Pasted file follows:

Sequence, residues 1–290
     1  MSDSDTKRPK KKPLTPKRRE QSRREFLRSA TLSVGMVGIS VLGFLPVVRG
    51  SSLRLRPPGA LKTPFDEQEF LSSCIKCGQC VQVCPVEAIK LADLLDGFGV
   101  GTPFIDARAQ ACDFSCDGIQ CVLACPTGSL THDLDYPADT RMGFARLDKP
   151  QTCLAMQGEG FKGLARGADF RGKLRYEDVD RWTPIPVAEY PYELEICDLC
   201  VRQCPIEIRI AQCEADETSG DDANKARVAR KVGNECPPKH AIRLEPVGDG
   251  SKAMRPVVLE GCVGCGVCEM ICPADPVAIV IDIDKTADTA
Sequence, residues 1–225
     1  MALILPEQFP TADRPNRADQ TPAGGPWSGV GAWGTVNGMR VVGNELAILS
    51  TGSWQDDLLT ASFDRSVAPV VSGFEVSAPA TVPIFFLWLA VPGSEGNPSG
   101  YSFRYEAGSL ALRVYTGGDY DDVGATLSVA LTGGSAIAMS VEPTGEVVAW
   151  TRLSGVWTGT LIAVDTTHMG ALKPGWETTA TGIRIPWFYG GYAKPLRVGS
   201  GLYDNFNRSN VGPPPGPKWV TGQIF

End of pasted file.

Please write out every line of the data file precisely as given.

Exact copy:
Sequence, residues 1–290
     1  MSDSDTKRPK KKPLTPKRRE QSRREFLRSA TLSVGMVGIS VLGFLPVVRG
    51  SSLRLRPPGA LKTPFDEQEF LSSCIKCGQC VQVCPVEAIK LADLLDGFGV
   101  GTPFIDARAQ ACDFSCDGIQ CVLACPTGSL THDLDYPADT RMGFARLDKP
   151  QTCLAMQGEG FKGLARGADF RGKLRYEDVD RWTPIPVAEY PYELEICDLC
   201  VRQCPIEIRI AQCEADETSG DDANKARVAR KVGNECPPKH AIRLEPVGDG
   251  SKAMRPVVLE GCVGCGVCEM ICPADPVAIV IDIDKTADTA
Sequence, residues 1–225
     1  MALILPEQFP TADRPNRADQ TPAGGPWSGV GAWGTVNGMR VVGNELAILS
    51  TGSWQDDLLT ASFDRSVAPV VSGFEVSAPA TVPIFFLWLA VPGSEGNPSG
   101  YSFRYEAGSL ALRVYTGGDY DDVGATLSVA LTGGSAIAMS VEPTGEVVAW
   151  TRLSGVWTGT LIAVDTTHMG ALKPGWETTA TGIRIPWFYG GYAKPLRVGS
   201  GLYDNFNRSN VGPPPGPKWV TGQIF